Arsenal went into the Carabao Cup fixture against West Brom without a goal so far this season, but thankfully for Mikel Arteta it the match turned out to be little more than a glorified training session.
The Arsenal boss stuck his neck out with a strong line-up which included club captain Pierre Emerick-Aubameyang, as well as new signings Martin Odegaard and Aaron Ramsdale.
Arteta got want he wanted. Finally, the Gunners have some momentum after a resounding 6-0 win, but the only way to preserve it is to stick with these three tactical decisions which got him there.
Play Aubameyang down the centre
Arteta persisted with experimenting with Aubameyang on the left flank last season and into pre-season, despite plenty of evidence it was blunting the Arsenal skipper as a goalscorer.
For a player who scored 20+ league goals across five consecutive seasons, a feat only matched in the last decade by Lionel Messi, Cristiano Ronaldo and Robert Lewandowski, it seems a no-brainer to play him down the centre.
The opening goal proved as much. For months Arsenal fans have had to watch the Gabon forward marooned on the left-flank, occasionally stretching his legs for a forward run but rarely getting himself into goalscoring positions.
His first meaningful contribution against West Brom was what Arsenal need from him, now more than ever. Arteta has other players who can do the work out wide, what the Gunners boss is lacking is someone who can convert the few chances they create into goals.
He saved his legs, stayed central, let the battery-powered Bukayo Saka do all the hard running, and simply used his striker’s instinct to anticipate a loose rebound and tap home.
He followed that up with a scrappy second, another goal that came about because he was sniffing around the box, rather than having to charge into it from a wide start.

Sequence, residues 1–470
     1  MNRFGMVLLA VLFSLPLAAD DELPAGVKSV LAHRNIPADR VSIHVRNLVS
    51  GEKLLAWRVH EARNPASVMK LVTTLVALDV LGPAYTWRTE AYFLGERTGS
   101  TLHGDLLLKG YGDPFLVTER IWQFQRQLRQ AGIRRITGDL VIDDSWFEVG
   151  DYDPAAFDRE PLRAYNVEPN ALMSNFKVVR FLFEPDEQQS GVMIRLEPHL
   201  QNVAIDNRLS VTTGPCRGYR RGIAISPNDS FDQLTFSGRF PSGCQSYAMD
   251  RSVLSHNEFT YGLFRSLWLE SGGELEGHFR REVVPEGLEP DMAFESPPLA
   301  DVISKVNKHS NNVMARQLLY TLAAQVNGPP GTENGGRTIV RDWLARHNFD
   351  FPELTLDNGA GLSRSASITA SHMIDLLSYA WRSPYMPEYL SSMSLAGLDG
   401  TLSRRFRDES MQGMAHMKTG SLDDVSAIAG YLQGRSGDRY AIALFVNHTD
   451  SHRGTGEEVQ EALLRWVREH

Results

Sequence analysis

His final goal was trademark, vintage Aubameyang, but does he score that goal without the confidence of the two tap-ins?
Odegaard must remain a fixture at No. 10
Despite Emile Smith-Rowe being handed the coveted No. 10 shirt following his contract extension over the summer, it’s Odegaard who should be the first choice in the central position behind the striker.
Odegaard’s first touch, ability to hold the ball in tight situations and the most importantly, his tactical intelligence when in those pockets in the final third, set him apart.
His swept backheeled assist for Sake was reminiscent of Arsenal midfielders of old. He can provide the kind of combinations Arsenal fans dined on regularly when the likes of Cesc Fabregas, Santi Cazorla or Tomas Rosicky graced the team.
With Arsenal’s central midfield often out of sorts, it’s also Odegaard who often controls the tempo when deployed through the centre.
Smith-Rowe is a far better ball carrier than the Norweigan, so his more explosive qualities could be better deployed from an inside forward position or even as a attacking No. 8 from a central midfield three.
Ramsdale must be Arsenal’s new first-choice goalkeeper
A lot has been made about Aaron Ramsdale’s £24m move to Arsenal, with the fee, in particular, raising eyebrows.
He may not have had many saves to make against West Brom but he was calm and composed when called into action, especially in the second half when West Brom rallied for a consolation.
But Arsenal did not empty the coffers for Ramsdale’s shot-stopping but rather his ability in possession, and while it may only be one appearance against a rotated West Brom side, the early signs are positive.
For months Arsenal fans have watched Bernd Leno and his defenders swap angry glances as teams press and inevitably see Arsenal’s feeble attempts at playing out from the back crumble.
Despite West Brom’s albeit not very sophisticated press, the calmness from the new signing and, more importantly, the confidence it exuded through to his team-mates, was a welcome sight for Arteta who might finally have a base to build from.
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Source by Football London